There had been difficulties in the management of the home, with a conflicting relationship between the previous manager and staff members. This had improved since the interim manager had come into post, although there continued to be areas of mistrust and antagonism between some staff.

At our follow up inspection on 07 August 2014, we asked the provider to take action to make improvements to the quality monitoring of the home. There was a quality monitoring system in place and although this identified issues and areas of shortfall, there had been inadequate action taken to address and improve these areas. You can see what action we told the provider to take at the back of the full version of the report.

Inspection carried out on 7 August 2014

During an inspection looking at part of the service

Two inspectors carried out this inspection. The focus of the inspection was to follow up action we had previously taken in regard to the way in which the provider monitored the quality of the service provided and to answer one of the five key questions; is the service well led?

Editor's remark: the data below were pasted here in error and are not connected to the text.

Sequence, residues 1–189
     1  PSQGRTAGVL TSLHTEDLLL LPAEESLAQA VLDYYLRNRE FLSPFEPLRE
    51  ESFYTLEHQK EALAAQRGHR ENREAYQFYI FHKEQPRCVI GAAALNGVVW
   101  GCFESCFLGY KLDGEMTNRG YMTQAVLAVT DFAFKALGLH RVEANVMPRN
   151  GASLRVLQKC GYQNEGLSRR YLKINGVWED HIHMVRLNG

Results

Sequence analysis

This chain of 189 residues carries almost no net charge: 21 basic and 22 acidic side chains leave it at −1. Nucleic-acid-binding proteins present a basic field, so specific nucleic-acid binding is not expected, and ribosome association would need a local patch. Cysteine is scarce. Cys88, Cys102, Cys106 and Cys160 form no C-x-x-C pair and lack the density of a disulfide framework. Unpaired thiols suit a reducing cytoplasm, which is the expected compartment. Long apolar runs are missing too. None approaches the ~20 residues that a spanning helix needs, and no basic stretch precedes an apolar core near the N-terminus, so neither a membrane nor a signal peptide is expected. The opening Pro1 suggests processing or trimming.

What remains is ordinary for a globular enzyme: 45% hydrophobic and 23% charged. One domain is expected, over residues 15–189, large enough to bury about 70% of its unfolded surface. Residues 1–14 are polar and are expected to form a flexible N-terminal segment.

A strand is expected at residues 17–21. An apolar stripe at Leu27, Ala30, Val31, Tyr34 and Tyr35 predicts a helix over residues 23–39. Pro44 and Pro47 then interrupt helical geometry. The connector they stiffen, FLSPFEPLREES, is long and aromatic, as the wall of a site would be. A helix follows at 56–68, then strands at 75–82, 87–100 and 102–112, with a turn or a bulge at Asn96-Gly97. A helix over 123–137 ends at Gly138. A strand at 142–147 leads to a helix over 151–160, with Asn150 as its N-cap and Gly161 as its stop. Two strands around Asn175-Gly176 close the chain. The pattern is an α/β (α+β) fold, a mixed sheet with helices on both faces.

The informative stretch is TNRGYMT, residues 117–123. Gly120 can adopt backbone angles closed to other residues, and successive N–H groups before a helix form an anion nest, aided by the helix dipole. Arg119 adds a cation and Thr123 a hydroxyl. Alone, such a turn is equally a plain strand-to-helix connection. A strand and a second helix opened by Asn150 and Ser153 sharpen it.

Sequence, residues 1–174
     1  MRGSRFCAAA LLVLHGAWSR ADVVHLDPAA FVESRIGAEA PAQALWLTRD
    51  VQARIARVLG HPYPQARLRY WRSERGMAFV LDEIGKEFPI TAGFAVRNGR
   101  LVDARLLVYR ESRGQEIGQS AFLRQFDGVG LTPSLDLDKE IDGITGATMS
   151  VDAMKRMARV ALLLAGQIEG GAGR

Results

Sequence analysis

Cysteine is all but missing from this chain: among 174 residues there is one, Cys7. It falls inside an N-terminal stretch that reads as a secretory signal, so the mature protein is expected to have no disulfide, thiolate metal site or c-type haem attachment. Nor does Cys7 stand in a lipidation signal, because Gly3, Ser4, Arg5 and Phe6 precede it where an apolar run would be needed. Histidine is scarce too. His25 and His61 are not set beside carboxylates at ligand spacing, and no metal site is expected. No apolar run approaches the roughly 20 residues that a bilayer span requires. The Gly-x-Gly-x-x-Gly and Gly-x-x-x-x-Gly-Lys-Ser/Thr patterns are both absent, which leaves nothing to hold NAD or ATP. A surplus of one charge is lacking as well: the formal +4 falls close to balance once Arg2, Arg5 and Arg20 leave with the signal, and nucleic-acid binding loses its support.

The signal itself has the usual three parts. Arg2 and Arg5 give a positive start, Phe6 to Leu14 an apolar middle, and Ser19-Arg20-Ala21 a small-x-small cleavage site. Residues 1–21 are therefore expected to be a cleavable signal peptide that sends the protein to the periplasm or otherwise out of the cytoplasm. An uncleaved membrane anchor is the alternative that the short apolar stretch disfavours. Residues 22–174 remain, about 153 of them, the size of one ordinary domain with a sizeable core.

We also spoke with the manager and an operations manager who represented the provider. We also reviewed records relating to the management of the service which included three care plans, daily records and quality assurance monitoring records.

Below is a summary of what we found. The summary describes what we observed and the records we looked at.

If you want to see the evidence that supports our summary please read the full report.

This is a summary of what we found:

Is the service well led?

We looked at the additional checks, audits and actions that the provider had put into place. They showed us that there had been some improvement, although some issues were still not being picked up. Although the home had sufficient plans in place to ensure that the quality of the service provided was assessed and monitored properly, further action was still required to make sure the risks to people were reduced.

Inspection carried out on 7, 10 July 2014